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Submitted by CENDI IT Security Working Group
Information International Associates, Inc. Oak Ridge, Tennessee
TABLE OF CONTENTS
1.0 BASIC PREMISE OF PRIVACY IN PUBLIC INFORMATION
2.0 STAFF AWARENESS
4.1 E-mail Logs 3
4.2 Application Logs 3
5.0 WEB-BASED TRANSACTIONS AND OTHER APPLICATIONS 3
6.0 LISTSERVS, NEWSGROUPS, BULLETIN BOARDS 3
7.0 OFFICIAL GOVERNMENT E-MAIL FROM THE PUBLIC 4
CENDI IT Security Working Group Members
Al Astley, Co-chair (DTIC) Simon Chung (NASA) Dan Carrigan (NAIC) John DiDuro (NTIS) Gail Hodge (CENDI Secretariat) Mark Silverman, Co-chair (NLM) Richard Thompson (NAL)
CENDI is an interagency cooperative organization composed of the scientific and technical information (STI) managers from the Departments of Agriculture, Commerce, Energy, Education, Defense, the Environmental Protection Agency, Health and Human Services, Interior, and the National Aeronautics and Space Administration (NASA).
CENDI's mission is to help improve the productivity of Federal science- and technology-based programs through the development and management of effective scientific and technical information support systems. In fulfilling its mission, CENDI member agencies play an important role in helping to strengthen U.S. competitiveness and address science- and technology-based national priorities.
Increasingly, staff of CENDI agencies, both in Information Technology (IT) and in other positions within the agencies, have access to or are involved in the processing of private information from the public and other customer groups. Much of this information is coming from increased use of telecommunications such as e-mail, the Internet and the Web. The information may involve private information such as addresses and phone numbers, or proprietary information such as the subject content of a search. At the same time, there is increased concern among the government and the public about privacy related to such information.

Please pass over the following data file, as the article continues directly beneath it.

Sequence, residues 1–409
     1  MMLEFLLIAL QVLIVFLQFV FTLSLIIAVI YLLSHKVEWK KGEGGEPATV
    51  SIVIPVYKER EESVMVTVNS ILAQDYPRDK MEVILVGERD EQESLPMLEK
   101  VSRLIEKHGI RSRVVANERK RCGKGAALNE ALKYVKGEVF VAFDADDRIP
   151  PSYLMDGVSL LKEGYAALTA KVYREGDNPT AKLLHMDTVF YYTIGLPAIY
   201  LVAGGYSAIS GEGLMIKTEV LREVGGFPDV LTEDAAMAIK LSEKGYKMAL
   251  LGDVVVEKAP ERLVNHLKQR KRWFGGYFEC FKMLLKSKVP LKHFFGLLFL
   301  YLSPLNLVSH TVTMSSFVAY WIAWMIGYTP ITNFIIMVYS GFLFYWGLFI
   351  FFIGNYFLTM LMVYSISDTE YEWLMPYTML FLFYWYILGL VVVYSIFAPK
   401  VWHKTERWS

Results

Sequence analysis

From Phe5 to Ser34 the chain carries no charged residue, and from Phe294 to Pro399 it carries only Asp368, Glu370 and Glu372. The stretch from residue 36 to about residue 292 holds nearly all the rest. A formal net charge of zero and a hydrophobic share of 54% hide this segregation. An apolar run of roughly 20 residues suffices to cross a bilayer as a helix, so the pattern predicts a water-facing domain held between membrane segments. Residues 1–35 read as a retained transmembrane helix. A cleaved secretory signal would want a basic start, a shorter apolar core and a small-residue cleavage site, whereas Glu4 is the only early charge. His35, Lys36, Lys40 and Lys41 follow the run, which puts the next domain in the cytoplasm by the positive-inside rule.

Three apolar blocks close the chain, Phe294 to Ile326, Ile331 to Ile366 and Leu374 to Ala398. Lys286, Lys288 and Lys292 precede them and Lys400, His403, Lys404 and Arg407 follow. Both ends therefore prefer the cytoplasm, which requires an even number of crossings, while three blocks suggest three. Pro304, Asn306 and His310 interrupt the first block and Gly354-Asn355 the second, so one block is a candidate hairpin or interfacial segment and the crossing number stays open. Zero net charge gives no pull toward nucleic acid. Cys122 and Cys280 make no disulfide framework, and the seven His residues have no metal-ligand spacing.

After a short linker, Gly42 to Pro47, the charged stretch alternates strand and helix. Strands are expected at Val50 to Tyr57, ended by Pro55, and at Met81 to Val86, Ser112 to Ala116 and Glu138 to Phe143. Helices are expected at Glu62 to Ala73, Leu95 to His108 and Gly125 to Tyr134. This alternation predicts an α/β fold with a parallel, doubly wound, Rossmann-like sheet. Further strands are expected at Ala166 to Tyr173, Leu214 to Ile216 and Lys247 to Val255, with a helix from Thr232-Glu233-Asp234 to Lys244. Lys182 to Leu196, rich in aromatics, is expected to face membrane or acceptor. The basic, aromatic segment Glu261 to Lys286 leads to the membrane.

The CENDI IT Security Working Group was formed at the Annual Planning Meeting in August 1999. It was officially chartered in November 1999. After several initial discussions about various IT issues of concern to the agencies, the group decided to focus on the issues surrounding the Web and customer information. It was determined that one of the problems is that staff, both within IT and outside IT, currently have inadequate awareness training in issues surrounding this type of information in this environment. The aim of this document is to act as a basic awareness document for all levels of staff. CENDI agencies that accept this are encouraged to modify it, extend it, or include it in other mission-specific procedures and training materials.
1.0 BASIC PREMISE OF PRIVACY IN PUBLIC INFORMATION
Access to all kinds of information is increasingly available and pervasive at all levels of the agencies. More information is being declassified as policies dictate. More information is being created every day. Agency staff have increased contacts with customers and other staff members via e-mail, which provides a documented record of the "conversation" that can be easily sent to other individuals both within and outside the agency.
Under these conditions, the first premise of IT Privacy is
YOU DONíT LOOK JUST BECAUSE YOU CAN AND YOU DONíT DIVULGE WHAT YOU SEE UNLESS REQUIRED TO DO SO IN THE PERFORMANCE OF YOUR JOB.
2.0 STAFF AWARENESS
Guideline: Agencies should provide training to staff who, in the course of their duties, will handle user information so that they understand this is a sensitive issue. Rules of disclosure apply to electronic as well as to other media of communication.
In the past, many interactions between customers and the agencies were through systems that required some level of registration. As registration requirements are eliminated, users may expect that their access through anonymous channels, such as gopher, ftp and web, automatically results in all information being anonymous.
Guideline: Users who are accessing a system through anonymous means must be made aware of cases where their information will not be anonymous. It is recommended that every system have a banner that states there should be no expectation of privacy.